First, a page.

To most residents in Louisiana, the sight of a tractor-trailer on a local road, highway or freeway is not at all unusual. However, the experience of a big rig pulling up next to a person in a passenger vehicle may well make that occupant feel dwarfed.
The massive size and weight of semi-trucks may expose people in smaller vehicles to serious risks if and when an accident with a commercial vehicle occurs. Unfortunately for many people in Louisiana, this seems to be happening more in recent years.
Statistics reveal a tragic trend
Records from the National Highway Traffic Safety Administration show a significant jump in truck accident fatalities in Louisiana between 2014 and 2018. At the outset of that five-year span, truck crashes claimed 80 lives, representing 10.8% of all traffic fatalities in 2014. The situation stayed relatively similar the following year when 79 people died in truck accidents, representing 10.5% of all accident deaths.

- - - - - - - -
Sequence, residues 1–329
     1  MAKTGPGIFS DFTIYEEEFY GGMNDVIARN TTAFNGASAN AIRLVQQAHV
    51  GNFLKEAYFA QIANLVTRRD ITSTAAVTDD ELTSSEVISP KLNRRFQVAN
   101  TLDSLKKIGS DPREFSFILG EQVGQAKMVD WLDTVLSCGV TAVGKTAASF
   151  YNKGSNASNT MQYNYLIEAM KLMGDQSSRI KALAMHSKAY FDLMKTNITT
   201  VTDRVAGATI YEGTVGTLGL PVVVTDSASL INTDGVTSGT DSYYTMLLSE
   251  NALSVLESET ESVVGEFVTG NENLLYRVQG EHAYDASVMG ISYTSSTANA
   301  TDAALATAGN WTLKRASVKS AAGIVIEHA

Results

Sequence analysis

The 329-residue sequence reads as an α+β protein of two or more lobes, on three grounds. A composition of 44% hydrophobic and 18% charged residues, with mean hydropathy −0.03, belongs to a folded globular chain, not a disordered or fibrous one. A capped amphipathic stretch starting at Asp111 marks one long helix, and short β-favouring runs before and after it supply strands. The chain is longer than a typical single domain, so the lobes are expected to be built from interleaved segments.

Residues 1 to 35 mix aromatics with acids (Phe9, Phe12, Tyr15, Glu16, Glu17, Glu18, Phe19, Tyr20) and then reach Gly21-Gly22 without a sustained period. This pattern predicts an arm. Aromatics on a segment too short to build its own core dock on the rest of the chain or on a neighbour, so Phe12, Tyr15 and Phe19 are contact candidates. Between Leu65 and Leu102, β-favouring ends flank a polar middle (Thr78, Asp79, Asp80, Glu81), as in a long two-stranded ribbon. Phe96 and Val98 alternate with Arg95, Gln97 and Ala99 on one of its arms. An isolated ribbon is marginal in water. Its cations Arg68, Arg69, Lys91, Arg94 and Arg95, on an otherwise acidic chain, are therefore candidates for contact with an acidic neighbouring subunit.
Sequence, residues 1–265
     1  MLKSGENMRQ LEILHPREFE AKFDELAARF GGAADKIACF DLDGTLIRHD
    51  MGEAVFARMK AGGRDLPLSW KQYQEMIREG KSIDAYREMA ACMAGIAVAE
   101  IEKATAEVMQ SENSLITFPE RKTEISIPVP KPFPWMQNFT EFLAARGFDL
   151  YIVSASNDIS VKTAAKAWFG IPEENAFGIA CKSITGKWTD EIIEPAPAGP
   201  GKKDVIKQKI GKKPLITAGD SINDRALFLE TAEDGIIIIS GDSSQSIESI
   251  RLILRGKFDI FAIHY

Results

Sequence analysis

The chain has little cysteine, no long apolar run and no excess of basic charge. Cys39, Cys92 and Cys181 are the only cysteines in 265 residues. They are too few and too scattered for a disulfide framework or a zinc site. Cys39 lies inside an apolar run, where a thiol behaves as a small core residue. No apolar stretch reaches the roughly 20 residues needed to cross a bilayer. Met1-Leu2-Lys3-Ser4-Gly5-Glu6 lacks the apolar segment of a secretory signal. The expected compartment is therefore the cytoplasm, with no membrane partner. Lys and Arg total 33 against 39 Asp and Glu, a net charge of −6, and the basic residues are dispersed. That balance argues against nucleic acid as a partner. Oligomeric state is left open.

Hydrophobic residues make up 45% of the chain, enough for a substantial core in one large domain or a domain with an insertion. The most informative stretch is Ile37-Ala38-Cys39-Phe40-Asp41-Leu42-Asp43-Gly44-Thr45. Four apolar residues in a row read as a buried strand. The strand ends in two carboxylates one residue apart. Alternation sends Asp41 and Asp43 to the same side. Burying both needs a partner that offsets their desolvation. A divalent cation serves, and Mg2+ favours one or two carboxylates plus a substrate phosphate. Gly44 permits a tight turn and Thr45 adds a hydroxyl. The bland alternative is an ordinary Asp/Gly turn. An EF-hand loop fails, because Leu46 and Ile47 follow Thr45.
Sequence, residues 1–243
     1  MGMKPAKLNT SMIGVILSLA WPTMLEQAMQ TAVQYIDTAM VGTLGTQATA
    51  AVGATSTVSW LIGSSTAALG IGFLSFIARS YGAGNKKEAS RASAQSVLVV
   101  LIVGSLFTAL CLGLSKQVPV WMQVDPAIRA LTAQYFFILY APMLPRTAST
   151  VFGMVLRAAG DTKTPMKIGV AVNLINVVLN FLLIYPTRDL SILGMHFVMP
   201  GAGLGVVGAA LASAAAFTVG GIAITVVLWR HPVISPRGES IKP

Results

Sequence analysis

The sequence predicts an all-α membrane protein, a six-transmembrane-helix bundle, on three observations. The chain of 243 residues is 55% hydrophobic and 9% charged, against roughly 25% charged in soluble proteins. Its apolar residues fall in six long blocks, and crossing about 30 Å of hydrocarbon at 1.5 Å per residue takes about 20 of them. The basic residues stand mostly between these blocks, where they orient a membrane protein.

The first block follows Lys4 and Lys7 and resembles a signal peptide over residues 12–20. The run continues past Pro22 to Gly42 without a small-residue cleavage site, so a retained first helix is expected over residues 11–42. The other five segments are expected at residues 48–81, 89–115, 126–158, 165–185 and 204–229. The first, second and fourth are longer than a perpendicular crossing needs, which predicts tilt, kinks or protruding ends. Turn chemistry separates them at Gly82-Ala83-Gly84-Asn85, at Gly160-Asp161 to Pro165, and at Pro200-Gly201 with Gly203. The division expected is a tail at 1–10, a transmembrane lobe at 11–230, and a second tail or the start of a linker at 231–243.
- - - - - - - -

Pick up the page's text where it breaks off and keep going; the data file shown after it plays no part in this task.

In 2016, 92 lives were lost in truck wrecks, accounting for 12.2% of the state’s total vehicular fatalities. Another increase followed in 2017 when 102 deaths resulted from truck accidents, accounting for 13.2% of all deaths. In 2018, another 103 people were killed in truck accidents, out of 768 total vehicular deaths.
Government aims to reduce trucker fatigue
Fatigue among truckers represents one risk to everyone on the road. The Federal Motor Carrier Safety Administration’s Hours of Service rule aims to prevent serious fatigue among truck drivers. This rule limits the number of hours a driver may work and operate a truck each day and each work week.